Clare Nuttall in Bucharest -
Nato Secretary-General Jens Stoltenberg has said the alliance will protect Turkey if the conflict in Syria spills across the border, as Islamic State fighters close in on taking the Syrian border town of Kobane.
At a press conference in Warsaw on October 6, Stoltenberg told journalists, "Turkey should know that Nato will be there if there is any spillover” from the fighting in Syria.
"The main responsibility for Nato is to protect all allied countries,” Stoltenberg said, according to Reuters. “Turkey is a Nato ally and our main responsibility is to protect the integrity, the borders of Turkey and that is the reason why we have deployed Patriot missiles in Turkey.”
After a three-week siege of Kobane, a town close to Syria’s border with Turkey, the IS flag was seen flying over the eastern part of the city on October 6. There are reports of street fighting overnight in Kobane, with parts of the city already under the control of IS fighters, according to the BBC. If the town falls, IS will control a long stretch of the border between the two countries.
Since the siege of Kobane, around 160,000 people, mainly Kurds, from the city have fled into Turkey, adding to up to 1.5m Syrian refugees already in the country. In recent days there have been several clashes between the local Kurdish population, angered by Ankara’s lack of action to defend Kobane, and Turkish security forces.
On October 2, the Turkish parliament has approved a motion to allow a military force in Iraq and Syria against the IS. Some three-quarters of MPs voted in favour, signalling a major change in Turkey’s stance on intervention. The vote would allow Turkish forces could now be deployed in both countries, alongside around 40 other members of a Nato-led coalition, as well as allowing foreign troops access to Turkish territory. However, it is not yet clear how the Turkish government will choose to act.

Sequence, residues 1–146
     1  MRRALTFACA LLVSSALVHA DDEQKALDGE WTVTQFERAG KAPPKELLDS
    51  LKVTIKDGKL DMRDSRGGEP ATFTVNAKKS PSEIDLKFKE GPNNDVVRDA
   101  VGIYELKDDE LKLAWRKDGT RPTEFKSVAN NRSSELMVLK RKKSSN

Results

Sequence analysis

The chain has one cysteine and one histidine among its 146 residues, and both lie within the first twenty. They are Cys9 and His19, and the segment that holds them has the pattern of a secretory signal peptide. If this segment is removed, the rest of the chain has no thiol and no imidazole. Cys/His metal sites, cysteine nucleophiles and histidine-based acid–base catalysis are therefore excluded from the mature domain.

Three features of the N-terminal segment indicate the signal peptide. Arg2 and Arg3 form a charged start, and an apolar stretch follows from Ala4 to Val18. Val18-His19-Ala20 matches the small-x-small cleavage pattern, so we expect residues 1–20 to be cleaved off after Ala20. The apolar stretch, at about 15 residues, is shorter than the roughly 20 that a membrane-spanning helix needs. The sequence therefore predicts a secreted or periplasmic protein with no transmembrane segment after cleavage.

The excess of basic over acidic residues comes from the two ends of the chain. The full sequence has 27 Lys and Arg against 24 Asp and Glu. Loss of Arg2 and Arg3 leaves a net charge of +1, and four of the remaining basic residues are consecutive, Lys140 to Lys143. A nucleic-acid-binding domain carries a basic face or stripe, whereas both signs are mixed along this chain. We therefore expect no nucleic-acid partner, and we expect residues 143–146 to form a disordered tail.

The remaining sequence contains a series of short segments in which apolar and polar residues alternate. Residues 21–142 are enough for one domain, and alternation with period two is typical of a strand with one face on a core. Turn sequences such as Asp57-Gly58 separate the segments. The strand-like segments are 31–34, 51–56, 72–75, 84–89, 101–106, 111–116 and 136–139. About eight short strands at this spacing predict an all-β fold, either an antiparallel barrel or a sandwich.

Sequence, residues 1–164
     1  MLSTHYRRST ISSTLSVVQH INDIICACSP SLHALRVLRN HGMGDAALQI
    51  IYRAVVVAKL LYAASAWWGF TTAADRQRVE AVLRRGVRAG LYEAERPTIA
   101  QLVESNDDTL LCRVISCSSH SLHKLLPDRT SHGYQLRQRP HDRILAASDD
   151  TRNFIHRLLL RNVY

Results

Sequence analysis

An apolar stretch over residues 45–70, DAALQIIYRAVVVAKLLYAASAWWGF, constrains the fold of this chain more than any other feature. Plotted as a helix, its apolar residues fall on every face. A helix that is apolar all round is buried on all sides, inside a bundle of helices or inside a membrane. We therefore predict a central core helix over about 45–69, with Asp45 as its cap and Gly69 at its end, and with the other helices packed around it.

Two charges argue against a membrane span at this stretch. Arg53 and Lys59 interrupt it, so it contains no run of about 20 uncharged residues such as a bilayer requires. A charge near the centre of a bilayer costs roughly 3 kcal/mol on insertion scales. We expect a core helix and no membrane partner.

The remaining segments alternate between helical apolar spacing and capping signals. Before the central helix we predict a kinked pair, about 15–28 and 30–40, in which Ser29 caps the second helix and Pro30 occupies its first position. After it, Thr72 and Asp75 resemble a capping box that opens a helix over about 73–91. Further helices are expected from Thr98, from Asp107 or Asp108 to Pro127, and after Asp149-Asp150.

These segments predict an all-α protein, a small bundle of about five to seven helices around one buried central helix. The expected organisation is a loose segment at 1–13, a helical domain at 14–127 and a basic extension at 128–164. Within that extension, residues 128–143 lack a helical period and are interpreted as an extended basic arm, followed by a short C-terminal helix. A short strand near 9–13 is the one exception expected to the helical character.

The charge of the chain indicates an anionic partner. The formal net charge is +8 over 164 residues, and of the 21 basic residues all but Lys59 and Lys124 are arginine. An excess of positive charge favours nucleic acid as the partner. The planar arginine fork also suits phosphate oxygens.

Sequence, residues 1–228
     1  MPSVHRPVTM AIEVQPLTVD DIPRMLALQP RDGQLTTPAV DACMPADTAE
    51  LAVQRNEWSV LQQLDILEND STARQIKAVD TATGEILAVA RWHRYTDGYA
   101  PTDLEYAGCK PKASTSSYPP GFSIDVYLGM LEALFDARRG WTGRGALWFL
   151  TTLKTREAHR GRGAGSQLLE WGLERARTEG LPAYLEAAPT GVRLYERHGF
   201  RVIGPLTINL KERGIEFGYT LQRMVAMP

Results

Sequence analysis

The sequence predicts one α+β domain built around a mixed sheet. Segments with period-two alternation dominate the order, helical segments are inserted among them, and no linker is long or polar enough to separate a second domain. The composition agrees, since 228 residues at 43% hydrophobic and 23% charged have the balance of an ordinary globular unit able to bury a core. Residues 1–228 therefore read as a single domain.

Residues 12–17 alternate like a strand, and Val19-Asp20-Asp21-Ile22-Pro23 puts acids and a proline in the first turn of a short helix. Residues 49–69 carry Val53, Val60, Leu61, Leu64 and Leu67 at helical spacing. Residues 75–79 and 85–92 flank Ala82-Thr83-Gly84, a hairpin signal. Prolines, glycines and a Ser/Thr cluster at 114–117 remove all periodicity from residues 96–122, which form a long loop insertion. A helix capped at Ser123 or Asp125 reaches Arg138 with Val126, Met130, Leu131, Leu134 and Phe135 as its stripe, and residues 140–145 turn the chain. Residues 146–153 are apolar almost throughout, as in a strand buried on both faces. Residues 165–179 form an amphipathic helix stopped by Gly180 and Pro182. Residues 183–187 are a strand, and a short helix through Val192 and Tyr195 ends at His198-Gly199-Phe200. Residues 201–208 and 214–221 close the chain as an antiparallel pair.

Turkish Prime Minister Ahmet Davutoglu said in an interview with CNN on October 6 that Turkey will only send ground troops to Syria if the US agrees to aim for regime change - namely the removal of President Bashar Al-Assad - in Syria.
The Turkish government had previously seemed reluctant to get involved in the conflicts in Iraq or Syria - both because of fears of retaliation by militants and from concerns over how this would affect the relationship with the domestic Kurdish population. However, there has been a significant change of mood within the country in recent days, due both to the release of 46 Turkish hostages held by IS and the advance of the conflict towards the Turkish-Syrian border.
So far, the Turkish economy and its attractiveness to investors has not been significantly affected by the events in neighbouring countries; domestic political uncertainty in the run-up to the August presidential election has been of more concern.
On October 3, Fitch Ratings affirmed Turkey's long-term foreign and local currency issuer default ratings at 'BBB-' and 'BBB', respectively, with stable outlooks.
However, the ratings agency noted that, despite “encouraging signs” of economic rebalancing at home, “Turkey's buffers against potential volatility in global investor risk appetite remain relatively thin in the light of the capacity for domestic policy reversals, doubts over the durability of economic rebalancing and rising geopolitical risk.” Exports to Iraq, Turkey’s second largest trading partner, have also slumped in recent months.
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